Native American Art : A Modern Artist Kent Monkman
1530 Words7 Pages
The history of European presence on the North American continent is tragic and violent for the indigenous peoples. Though Europeans brought with them horses and materials, such as cotton that were more easier to work with than animal hides, ultimately Euro-Americans took more than they ever gave. Native American art shows some of that battle to retain their identity as people under the marginalization Euro-Americans. That marginalization has happened from the first exposure of Europeans to North America to present day society under the banners of United States of America, Canada, and Mexico. Early in the United States history was an artist, Wohaw who drew a picture titled Between Worlds. He went to a boarding school that tried to cement…show more content… Wohaw draws himself with color pencils in Between Worlds, standing in traditional garb, a loincloth made of two long strips of cloth that reach his ankles. He wears his hair long and holds out a tomahawk in boths hands holding off a buffalo and a bull. One of his feet stands on a miniaturized house and field while his other foot stands on miniaturized herd of buffalo. On that side of the page there stands a teepee --which is much larger than the house, reaching his to thigh in height. Above his drawn self who faces the bull he has written his name, above which he has drawn a stylized sun. In the left side of picture on the side of the buffalo is the moon and star. The bull and buffalo seem to be blowing at Wohaw and he seems to be holding them off. Though the picture is not drawn with much technical skill the meaning behind it is potent. Caught between cultures of a Plains tribe and the Euro-American dominating society. The picture seems to indicate that he identifies, or is being identified more strongly with his Native American heritage, yet both sides to be actively at odds. There is no indication of peace to be for between the two. Euro-Americans were invasive and made decisions for Native American peoples without their consent, this reflects in Native American art.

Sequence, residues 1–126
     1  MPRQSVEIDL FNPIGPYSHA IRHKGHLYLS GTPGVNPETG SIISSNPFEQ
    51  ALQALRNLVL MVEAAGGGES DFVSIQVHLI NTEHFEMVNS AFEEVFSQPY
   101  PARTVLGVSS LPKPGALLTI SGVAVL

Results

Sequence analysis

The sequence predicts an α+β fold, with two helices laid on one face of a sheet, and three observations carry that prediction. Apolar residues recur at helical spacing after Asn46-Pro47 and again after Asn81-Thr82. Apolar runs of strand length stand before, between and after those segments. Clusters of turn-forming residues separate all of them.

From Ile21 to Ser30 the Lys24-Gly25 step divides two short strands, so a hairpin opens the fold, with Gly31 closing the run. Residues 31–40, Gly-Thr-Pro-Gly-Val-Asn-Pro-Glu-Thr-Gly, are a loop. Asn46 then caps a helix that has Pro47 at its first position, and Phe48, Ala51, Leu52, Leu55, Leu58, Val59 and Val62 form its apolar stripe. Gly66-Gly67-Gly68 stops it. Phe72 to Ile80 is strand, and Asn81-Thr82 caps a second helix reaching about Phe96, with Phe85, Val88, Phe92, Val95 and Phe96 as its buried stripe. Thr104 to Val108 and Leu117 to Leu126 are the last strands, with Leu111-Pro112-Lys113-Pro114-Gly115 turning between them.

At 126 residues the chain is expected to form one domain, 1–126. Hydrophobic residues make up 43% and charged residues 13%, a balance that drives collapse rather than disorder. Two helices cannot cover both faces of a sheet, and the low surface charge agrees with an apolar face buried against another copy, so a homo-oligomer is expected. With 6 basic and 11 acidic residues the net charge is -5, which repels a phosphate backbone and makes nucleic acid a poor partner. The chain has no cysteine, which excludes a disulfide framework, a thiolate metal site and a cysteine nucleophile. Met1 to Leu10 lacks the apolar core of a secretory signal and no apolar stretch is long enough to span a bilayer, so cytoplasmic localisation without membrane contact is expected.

Kent Monkman who is descendant from the Cree in contrast to Wohaw is